HomeUnited KingdomGuidance: What to do after a British individual dies in Germany

Guidance: What to do after a British individual dies in Germany

If you wish to arrange a memorial in Germany or repatriate the person who died to the UNITED KINGDOM, the FCDO provides a list of English-speaking funeral directors in Germany. The funeral service director will be able to explain the local process and options available to you. If there is an investigation into the death, clothing might be retained as evidence and can not be returned until the courtroom case is finished.

What to do if the person who died didn’t have insurance

A relative or formally appointed representative must appoint a UK-based global funeral director for the person who died to be repatriated towards the UK. The FCDO provides a list of UK-based international funeral service directors. Check this step-by-step guide for when someone dies to make sure you have done all you need to do in the UK. You can find information on how to tell the government about the dying, UK pensions and advantages and dealing with the estate of the person who died. Personal belongings found on the person who died at the time of their own death are handed to the police and/or local expert if the family is not existing. You do not need to register the death in the UK. The local death certificate can usually be used in the united kingdom for most purposes, including probate.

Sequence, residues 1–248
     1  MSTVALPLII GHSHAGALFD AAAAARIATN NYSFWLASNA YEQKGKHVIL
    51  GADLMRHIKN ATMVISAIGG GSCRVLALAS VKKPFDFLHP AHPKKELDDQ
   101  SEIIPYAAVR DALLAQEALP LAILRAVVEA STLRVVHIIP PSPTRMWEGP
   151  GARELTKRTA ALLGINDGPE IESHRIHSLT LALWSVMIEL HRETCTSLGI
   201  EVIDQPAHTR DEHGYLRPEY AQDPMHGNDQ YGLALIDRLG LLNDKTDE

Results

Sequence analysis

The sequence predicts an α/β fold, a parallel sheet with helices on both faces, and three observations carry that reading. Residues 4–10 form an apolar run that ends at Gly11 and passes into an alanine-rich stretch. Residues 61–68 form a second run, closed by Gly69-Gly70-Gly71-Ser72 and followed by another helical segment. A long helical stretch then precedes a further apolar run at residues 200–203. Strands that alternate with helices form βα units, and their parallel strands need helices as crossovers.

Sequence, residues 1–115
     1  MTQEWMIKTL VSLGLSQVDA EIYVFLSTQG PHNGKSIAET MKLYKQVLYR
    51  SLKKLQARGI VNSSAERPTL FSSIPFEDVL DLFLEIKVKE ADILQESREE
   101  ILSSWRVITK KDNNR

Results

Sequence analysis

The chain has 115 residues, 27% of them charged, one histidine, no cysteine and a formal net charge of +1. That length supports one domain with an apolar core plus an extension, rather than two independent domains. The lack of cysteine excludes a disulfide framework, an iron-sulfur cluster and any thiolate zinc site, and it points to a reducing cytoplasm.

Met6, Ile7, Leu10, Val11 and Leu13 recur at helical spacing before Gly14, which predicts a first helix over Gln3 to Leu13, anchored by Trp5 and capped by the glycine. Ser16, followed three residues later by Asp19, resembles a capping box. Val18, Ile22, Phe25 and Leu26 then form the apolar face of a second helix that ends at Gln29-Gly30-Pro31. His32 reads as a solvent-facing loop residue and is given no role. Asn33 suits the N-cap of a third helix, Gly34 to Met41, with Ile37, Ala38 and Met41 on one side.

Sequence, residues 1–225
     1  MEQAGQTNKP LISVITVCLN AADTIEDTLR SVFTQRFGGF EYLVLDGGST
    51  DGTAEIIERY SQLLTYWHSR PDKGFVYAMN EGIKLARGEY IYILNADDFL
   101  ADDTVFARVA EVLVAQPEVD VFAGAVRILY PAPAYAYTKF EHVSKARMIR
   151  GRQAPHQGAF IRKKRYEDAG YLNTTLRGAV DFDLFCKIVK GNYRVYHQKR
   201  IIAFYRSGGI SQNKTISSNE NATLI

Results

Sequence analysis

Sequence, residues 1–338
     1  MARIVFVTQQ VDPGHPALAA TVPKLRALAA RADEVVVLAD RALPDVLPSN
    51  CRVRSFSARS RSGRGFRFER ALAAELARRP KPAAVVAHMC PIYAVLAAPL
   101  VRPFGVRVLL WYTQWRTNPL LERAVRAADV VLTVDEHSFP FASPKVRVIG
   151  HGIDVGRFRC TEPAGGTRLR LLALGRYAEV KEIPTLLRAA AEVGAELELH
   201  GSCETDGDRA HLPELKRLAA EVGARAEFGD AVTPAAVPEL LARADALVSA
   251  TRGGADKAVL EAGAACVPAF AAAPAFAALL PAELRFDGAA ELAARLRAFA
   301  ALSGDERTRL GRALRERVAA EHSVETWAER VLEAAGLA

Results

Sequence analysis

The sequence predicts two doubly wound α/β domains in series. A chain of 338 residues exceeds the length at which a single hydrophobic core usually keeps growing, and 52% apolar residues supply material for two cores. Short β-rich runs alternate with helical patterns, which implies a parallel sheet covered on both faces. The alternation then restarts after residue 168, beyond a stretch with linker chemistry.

Charitable organizations and organisations that offer support

If you are not sure if the person who died had insurance plan, check with their bank, credit card company or employer.

Register the passing away and obtain a death certificate

Ask for extra copies of the death certificate where feasible. You might need to officially inform other organisations of the dying.

  • birth certificate, stating their own place of birth and the titles of their parents
  • religion
  • official identity document (for illustration their British passport)
  • details of their spouse (if applicable)
  • marriage certificate (if applicable)
  • divorce papers (if applicable)